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Beiju Foods, a Coho success story

Jimmy Stambowsky moved from Brazil to Vancouver with a dream: sharing his love for Brazilian cuisine with the rest of Canada. And he did. Founded in BC, Beiju Foods was built by Brazilian immigrants with the goal of honouring their roots and sharing the best of Brazil’s creative and flavourful food culture.



As a newcomer to Canada, Jimmy quickly immersed himself in the food business world, demonstrating incredible motivation and willingness to grow Beiju Foods in spite of many challenges along the way. Taking inspiration from Brazilian Indigeneous culinary traditions and native crops, Beiju Foods offers cassava flour based products for a healthy, sustainable and gluten-free snack alternative. Jimmy sources high quality ingredients, while focusing on taste, consistency and sustainability. What’s not to love?



Beiju Foods also had the chance to take part in the Canadian TV show Dragon’s Den, where he had offers from both Vincenzo Guzzo and Arlene Dickinson. Due to his great success, Jimmy has proven his concept in our shared kitchen and graduated into his own production facility.


We had the opportunity to talk to Jimmy and learn more about his business and what success looks like for him.


What's the origin story of Bejiu?


Beiju Foods was founded by Luciano Miranda in 2017 with the idea to promote the Indigenous culture of the Amazon and our Brazilian heritage. He was very fortunate to choose a root, cassava, to be the core of the business. Extremely versatile and widely used by the natives of the Amazon for thousands of years, cassava is still a staple throughout Brazil. Cassava (aka manioc or yuka), is a healthy alternative to flour and other starches for those seeking better eating habits.


When I decided to move to Vancouver, I found Luciano’s business and immediately became interested. After long negotiations, we became partners. The idea was to move Beiju Foods from their Food Truck, Brazilian Roots, to a brick and mortar location, which would allow us to expand wholesale.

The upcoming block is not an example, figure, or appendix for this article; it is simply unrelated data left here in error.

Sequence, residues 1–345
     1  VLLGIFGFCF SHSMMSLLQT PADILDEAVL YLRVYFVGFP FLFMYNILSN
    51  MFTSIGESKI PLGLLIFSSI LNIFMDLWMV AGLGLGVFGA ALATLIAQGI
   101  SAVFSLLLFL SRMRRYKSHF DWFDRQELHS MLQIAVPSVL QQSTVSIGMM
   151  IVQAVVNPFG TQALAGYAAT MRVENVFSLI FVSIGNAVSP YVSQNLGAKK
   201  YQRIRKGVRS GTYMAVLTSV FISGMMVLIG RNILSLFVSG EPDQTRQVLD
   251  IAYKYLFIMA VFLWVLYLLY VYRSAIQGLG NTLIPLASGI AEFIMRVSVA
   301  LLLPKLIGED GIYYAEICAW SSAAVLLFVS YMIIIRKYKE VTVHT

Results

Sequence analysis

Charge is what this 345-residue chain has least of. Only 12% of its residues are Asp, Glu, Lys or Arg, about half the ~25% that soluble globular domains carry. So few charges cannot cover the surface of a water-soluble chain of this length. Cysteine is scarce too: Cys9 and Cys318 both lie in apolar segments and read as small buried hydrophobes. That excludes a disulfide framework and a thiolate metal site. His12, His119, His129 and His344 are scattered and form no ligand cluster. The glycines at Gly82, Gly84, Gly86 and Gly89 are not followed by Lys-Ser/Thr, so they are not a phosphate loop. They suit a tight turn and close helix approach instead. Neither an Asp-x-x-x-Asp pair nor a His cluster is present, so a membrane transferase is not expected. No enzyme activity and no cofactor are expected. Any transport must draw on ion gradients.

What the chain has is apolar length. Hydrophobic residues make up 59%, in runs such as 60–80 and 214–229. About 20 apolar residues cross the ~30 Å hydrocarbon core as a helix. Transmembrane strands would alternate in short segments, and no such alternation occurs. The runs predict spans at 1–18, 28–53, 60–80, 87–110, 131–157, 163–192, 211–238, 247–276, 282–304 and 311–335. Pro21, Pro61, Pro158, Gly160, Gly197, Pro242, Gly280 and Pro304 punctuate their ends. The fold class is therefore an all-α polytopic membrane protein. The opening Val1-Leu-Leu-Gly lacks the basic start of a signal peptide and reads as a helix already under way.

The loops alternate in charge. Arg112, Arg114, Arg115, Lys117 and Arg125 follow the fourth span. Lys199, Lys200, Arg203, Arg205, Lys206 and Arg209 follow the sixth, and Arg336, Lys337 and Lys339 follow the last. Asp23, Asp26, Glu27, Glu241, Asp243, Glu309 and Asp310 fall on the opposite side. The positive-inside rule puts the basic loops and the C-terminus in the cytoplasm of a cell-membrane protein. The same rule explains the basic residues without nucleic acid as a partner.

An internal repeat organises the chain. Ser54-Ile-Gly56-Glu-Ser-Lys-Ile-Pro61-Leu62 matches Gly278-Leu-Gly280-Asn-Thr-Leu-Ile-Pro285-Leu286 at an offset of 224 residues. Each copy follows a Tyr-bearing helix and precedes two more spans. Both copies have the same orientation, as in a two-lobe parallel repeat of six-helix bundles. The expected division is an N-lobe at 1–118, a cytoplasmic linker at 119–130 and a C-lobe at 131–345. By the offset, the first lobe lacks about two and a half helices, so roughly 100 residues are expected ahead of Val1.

At this point, the business had two products and approximately 10 locations selling Beiju - Amazon Bread and their Cassava Bread Mix.


What inspired you to build your business?


My motivation with Beiju is to add Brazilian culture to the great cultural mix of the Vancouver food scene. Our culture shines through not only importing ingredients from Brazil, but using traditional practices to create innovative products that we hope will become part of the continuously evolving Canadian food scene.


Beiju’s Brazilian Waffles are our best seller, and were actually created due to the demand for a product that would be able to sell during the pandemic. Our initial plans of building a brick and mortar space quickly adapted to become a solely wholesale business due to the pandemic.


What has been the biggest challenge you’ve faced growing your business? Can you share any advice for future food entrepreneurs?


Coming to Canada on the last flight before the lockdown in February 2020, with a six month-old baby and having all my savings melt as Brazil’s currency dropped 50% facing the dollar was definitely challenging. No business plan would ever prepare you for that!


Adversity can push you to innovate if you have the right mindset. Keep pushing and don’t give up, believe in yourself and observe what’s happening in your environment. My advice for other entrepreneurs is to adapt quickly but don’t lose track of your goals. Keep pushing towards your dream, hands on and make it happen.”


Why did you choose to work in a commissary kitchen? What are the top benefits?


I chose to work in a commissary kitchen because of the low investment needed at the start. Just to give an example, I looked into buying a 5qt mixer to start with, and in three months I was baking batches with a 15 qt mixer. In seven months we were using all the capacity of the 40qt mixer in the commissary. The ability to grow without investments was extremely important for Beiju Foods.


What I didn’t expect was to learn so much from the great community at Coho. Having more experienced entrepreneurs working around you is the perfect setup to grow for those willing to learn. My experience at Coho was so enriching that I’m sure that Beiju wouldn’t get to this point without the support of Coho’s Community.


What are your long-term business growth plans?

We are now sold at 100 retailers throughout BC. This year, we are hoping to go national as the demand already exists.


New products such as dairy-free and vegan waffles will launch soon, and our Cassava Crunch shall return. We also have a very innovative surprise in the books for mid term.


How do you define success?

For me success is being able to do what you like and be satisfied with the results you achieve. Success is something you need to feel and not have others tell you. (Although, recognition is always a good thing!)


Would you recommend Coho to other food businesses? If so, why?